The Navajo Generating Station (NGS) in Arizona is scheduled to close by year-end 2019, but intervention by the federal government could keep the West’s largest coal-fired power plant operating. At the same time, more than 300 of the plant’s workers, along with family members, union representatives and tribal leaders, held a rally in Phoenix on June 6, asking for a 90-day pause in efforts to shutter the plant.
The Central Arizona Water Conservation District is soliciting bids for power to pump water from the Colorado River through three of the state’s counties as part of its Central Arizona Project (CAP). A letter from a U.S. Department of the Interior official to the CAP board last week cited a 1968 law that “appears to authorize NGS as a source of power for the project.” Board members are scheduled to look at proposals for electricity on June 7. NGS at present is the main power source for CAP, and board members want to have new sources ready if the plant closes.
Those at Wednesday’s rally chanted “Just 90 days! Just 90 days!,” as they seek more time for the plant’s current owners to find a buyer for the facility. Most of the workers at the NGS facility, located near Page, Arizona, and the nearby Kayenta coal mine, which supplies the plant, are members of the Navajo and Hopi tribes. The plant and mine reportedly have about 750 workers.
The Hopi Tribe and coal mining groups in May sued the water district as part of their plan to halt the plant’s closure.
The CAP was started in 1968—the law authorizing the 336-mile project was signed by then-President Lyndon B. Johnson—as a way to supply water for central and southern Arizona from the Colorado River. The project is the state’s single largest renewable water supply. The federal government has a say in the project because Congress appropriated its funding. The government also owns a 24.3% interest in the NGS, managed by the Bureau of Reclamation on behalf of the Interior Department.
Salt River Project (SRP) and the other utilities with ownership stakes in the NGS, including Arizona Public Service, Tucson Electric Power, and NV Energy, have said for months the plant is no longer economically viable to operate. The current ownership deal expires in December 2019; a search for new ownership has yielded no results, although there reportedly are groups interested in purchasing the facility. Arizona legislators earlier this year approved a tax break for the plant to make it more attractive to potential buyers.
Timothy Petty, appointed last year by President Trump as assistant secretary for water and science for the Interior Department, in a letter to the CAP board last week told the group existing federal law requires the agency to source power from the coal plant. Federal action could preclude closure of the 2,250-MW plant, and a move by the board on Thursday to keep the plant as part of the project’s power supply could improve prospects for finding a new owner and operator.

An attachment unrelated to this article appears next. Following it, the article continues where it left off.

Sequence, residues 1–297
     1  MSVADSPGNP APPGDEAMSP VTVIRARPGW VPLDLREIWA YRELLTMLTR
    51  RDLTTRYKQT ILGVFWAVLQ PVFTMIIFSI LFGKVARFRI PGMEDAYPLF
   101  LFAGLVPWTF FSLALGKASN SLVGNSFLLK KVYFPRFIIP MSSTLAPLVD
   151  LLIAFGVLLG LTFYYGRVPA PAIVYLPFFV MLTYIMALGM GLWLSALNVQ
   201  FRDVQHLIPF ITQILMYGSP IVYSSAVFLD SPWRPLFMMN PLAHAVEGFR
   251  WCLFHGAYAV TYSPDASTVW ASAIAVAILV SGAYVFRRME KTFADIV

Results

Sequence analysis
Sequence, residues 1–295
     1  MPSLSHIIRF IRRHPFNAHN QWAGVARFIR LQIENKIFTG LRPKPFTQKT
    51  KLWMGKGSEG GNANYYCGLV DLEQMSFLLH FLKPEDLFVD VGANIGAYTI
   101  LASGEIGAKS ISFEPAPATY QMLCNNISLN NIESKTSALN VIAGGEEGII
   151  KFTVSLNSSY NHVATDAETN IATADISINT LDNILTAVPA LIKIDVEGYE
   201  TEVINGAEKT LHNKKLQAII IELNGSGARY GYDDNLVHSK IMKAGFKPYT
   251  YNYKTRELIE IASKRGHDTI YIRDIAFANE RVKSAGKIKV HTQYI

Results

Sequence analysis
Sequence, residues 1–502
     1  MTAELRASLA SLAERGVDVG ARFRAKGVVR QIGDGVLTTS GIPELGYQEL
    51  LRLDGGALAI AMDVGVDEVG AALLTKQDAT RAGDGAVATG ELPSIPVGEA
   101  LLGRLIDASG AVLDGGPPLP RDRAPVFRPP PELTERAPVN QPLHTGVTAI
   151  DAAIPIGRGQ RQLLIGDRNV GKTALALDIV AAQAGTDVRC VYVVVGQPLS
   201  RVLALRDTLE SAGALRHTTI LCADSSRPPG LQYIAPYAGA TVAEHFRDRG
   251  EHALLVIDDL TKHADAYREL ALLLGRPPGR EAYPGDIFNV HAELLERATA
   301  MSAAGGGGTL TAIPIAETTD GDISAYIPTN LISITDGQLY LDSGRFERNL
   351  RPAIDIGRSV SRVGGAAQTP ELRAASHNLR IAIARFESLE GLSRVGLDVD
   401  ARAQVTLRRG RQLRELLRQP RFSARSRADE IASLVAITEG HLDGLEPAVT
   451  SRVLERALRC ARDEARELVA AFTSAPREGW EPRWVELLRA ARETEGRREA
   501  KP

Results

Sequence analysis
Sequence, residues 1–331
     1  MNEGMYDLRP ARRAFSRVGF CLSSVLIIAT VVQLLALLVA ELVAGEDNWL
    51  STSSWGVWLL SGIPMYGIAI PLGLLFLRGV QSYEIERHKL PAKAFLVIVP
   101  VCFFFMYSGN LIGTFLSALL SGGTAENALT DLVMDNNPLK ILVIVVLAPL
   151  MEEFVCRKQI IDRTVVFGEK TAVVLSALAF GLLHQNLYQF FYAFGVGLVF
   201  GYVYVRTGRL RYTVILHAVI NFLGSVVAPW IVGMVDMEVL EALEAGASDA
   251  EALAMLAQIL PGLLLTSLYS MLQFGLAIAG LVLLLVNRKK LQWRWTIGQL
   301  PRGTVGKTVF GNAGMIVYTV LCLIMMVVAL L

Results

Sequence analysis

Petty in his role at Interior oversees the Bureau of Reclamation and the U.S. Geological Survey. In his letter to the district, he wrote: “While the [Interior] Department recognizes that many circumstances have changed since passage of the 1968 Act … it currently believes that the 1968 Act remains the applicable governing authority and must be addressed in any decision relating to future sources of [Central Arizona] Project power. With the 1968 Act in mind, the [Interior] Department expects to consider several options going forward, including the feasibility of continued use of NGS-provided power.”
However, Tom McCann, deputy general manager of the CAP agency, told the Arizona Republic this week, “We don’t view this [the 1968 law] as a big deal.” DeEtte Person, a spokeswoman for the water conservation district, this week said the agency is considering power bids from a solar project along with purchasing power from SRP. She said the group’s “understanding [is] that NGS is closing.” She told the Capitol Media Services news group that “It’s still our understanding that NGS is closing because there hasn’t been a buyer that’s come forward. In the meantime we’ve been looking for power and trying to do our due diligence in lining up the best power sources at the best price to make sure we’re ready for when we don’t have that power anymore.”
The Navajo station at present provides about 75% of electricity for the CAP. Hydropower supplies much of the rest.
Person said she doesn’t think the board is required to buy power from NGS if cheaper power is available from other sources. “There’s certainly plenty of room … should an owner come forward for NGS,” she said. “If there was a new owner, they could certainly put forth their proposal to us for us to buy our power from them.”
The Navajo Nation has previously said it wants to keep parts of the NGS operation even if the plant closes, including transmission lines from the plant that SRP has valued at $80 million. The tribal nation said the lines would allow it to sell power from solar or wind farms in the future.
—Darrell Proctor is a POWER associate editor (@DarrellProctor1, @POWERmagazine)